Ratio Expressing ratios
A ratio is a way of comparing 2 or more quantities. When writing a ratio you should always make sure they are:
in the same units
in the correct order
cancelled down/simplified (always do the same to each side).
When writing a ratio, separate the numbers by colons and do not include any units.
Examples: 
Write £3 to 50p as a ratio:
Same units (pence): 300p to 50p
As a ratio (in order): 300:50 (both sides will ÷ by 10)
Cancel down/simplify: 30:5 (both sides will ÷ by 5)
Cancel further: 6:1 (final ratio)

Write 20cm to 5m as a ratio:
Same units: 20cm to 500cm
As a ratio: 20:500 (both sides will ÷ by 20)
Cancel down: 1:25

In a box there are 8 blue pens, 12 red and 28 black. What is the ratio of red to black to blue?
R:B:B
Correct order: 12:28:8 (all numbers will ÷ by 4)
Cancel down: 3:7:2
(Multiply by this)
At the moment these are different units as one is a fraction and the other is a whole number. To make the fraction into a whole number multiply each side of the ratio by 3.
As a ratio: 1:15
(Multiply by this)

Write to 2 as a ratio:
Again the units are different as one is a fraction and the other is a whole number. To make the fraction into a whole number multiply each side of the ratio by 7.
As a ratio: 3:14
Sometimes you are asked to share a quantity (e.g. an amount of money) in a given ratio.
To do this: find the total number of parts needed
Divide by the total number of parts to find the size of 1 part
Multiply each number in the ratio by the value of 1 part.
This side needs 3 parts.
This side needs 4 parts.
Examples:
Total number of parts needed: 3+4 = 7
Divide the money into 7 equal parts: 140÷7=£20
Now we know each part is worth £20
The original ratio is 3:4
3 x 20 = £60 4 x 20 = £80
The 2 amounts of money are: £60 and £80 (check these add to the original £140)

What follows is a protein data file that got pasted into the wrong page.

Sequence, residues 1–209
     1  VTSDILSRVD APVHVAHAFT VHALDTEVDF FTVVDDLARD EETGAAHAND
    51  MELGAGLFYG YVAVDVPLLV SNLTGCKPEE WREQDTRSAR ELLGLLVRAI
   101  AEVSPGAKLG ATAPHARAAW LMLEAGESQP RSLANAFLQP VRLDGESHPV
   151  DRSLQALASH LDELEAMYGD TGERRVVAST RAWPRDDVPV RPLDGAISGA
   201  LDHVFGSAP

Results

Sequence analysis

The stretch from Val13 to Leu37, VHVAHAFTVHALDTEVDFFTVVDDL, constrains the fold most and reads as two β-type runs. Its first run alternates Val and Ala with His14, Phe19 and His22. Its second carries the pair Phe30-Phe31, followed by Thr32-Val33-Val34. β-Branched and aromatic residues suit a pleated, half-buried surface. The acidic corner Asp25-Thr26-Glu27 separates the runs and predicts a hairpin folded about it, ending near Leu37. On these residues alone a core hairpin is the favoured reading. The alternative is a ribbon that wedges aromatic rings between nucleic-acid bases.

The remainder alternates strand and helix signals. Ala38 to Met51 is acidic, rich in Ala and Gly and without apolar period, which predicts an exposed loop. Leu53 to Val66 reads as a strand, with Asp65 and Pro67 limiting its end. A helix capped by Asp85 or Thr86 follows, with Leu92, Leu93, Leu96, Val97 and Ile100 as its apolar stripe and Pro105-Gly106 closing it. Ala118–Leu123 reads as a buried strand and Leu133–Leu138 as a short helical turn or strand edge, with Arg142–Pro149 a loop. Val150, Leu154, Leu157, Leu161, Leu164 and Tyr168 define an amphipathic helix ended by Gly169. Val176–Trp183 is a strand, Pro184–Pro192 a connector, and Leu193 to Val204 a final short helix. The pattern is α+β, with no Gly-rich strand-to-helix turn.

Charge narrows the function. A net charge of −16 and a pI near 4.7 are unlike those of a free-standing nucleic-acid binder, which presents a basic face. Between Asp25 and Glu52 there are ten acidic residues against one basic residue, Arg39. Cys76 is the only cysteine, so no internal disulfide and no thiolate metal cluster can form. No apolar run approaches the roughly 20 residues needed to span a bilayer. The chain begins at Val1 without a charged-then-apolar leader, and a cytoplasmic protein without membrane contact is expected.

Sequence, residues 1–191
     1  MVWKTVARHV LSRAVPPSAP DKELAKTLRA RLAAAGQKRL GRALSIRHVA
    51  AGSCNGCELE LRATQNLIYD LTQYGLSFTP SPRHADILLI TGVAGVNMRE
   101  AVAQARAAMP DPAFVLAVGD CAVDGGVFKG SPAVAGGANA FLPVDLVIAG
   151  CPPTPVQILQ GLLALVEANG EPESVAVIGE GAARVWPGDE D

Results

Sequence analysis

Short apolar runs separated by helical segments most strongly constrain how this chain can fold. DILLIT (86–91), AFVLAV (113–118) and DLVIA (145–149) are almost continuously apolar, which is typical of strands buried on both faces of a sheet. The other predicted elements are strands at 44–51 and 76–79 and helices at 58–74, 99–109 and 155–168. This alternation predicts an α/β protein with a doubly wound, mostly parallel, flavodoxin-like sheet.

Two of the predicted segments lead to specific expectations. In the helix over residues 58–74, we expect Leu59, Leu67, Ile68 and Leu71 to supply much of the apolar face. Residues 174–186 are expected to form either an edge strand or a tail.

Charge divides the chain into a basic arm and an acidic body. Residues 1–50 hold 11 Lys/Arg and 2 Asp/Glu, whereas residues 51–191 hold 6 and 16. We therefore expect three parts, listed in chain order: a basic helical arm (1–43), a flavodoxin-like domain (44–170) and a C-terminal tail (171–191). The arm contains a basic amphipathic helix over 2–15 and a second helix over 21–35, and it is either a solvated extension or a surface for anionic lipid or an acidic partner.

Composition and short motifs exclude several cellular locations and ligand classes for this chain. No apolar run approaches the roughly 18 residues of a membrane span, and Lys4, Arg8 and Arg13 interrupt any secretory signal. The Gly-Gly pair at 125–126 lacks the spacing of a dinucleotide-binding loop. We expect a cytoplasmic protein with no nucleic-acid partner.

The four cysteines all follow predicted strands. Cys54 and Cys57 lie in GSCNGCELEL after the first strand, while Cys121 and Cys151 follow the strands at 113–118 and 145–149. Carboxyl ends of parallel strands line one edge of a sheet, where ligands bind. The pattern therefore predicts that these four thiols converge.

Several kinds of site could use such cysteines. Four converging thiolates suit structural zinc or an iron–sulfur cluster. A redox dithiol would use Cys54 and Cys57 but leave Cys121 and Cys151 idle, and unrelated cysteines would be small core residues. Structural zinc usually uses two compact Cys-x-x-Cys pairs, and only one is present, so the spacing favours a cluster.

This one needs 5 parts.
This one needs 3 parts.
This one needs 2 parts.

Split £4500 in the ratio 5:3:2
Total number of parts needed: 5+3+2 = 10
Divide the money into 10 equal parts: 4500÷10=£450
Now we know each part is worth £450
The original ratio is 5:3:2
5 x 450 = £2250.
2 x 450 = £900.
3 x 450 = £1350.
The 3 amounts of money are: £2250, £1350 and £900 (check they add to £4500)
Sometimes you could be given one part of the money instead of the full amount. The method is the same, as in you need to find the value of one part – just be careful to think about how many parts you know about.
Examples:

Arthur, Betty & Carl share prize money in the ratio 5:7:3 (A:B:C). If Betty receives £350 how much do the others receive and how much was the total prize money?
Instead of knowing the full amount of money we know Betty’s share. In this case to find the value of 1 part we need to divide the £350 by 7 (the number of parts Betty received).
Betty received £350 and her share was 7 parts, so:
7 parts = £350
1 part = £350 ÷ 7 = £50
The original ratio is 5:7:3
5 x 50 = £250.
3 x 50 = £150.
7 x 50 = £350.
We know that: Betty receives £350
We have found that: Arthur receives £250
Carl receives £150
Total prize money £750

Diane and Edward paid for a house in the ratio 5:4 (D:E). If Diane paid £120,000 towards the house, how much did Edward pay and how much did the house cost?
Diane paid £120,000 and her share was 5 parts, so:
5 parts = £120,000
1 part = £120,000 ÷ 5 = £24,000
The original ratio is 5:4
5 x 24,000 = £120,000.
4 x 24,000= £96,000.
We know that: Diane paid £120,000
We have found that: Edward paid £96,000
Total house cost £216,000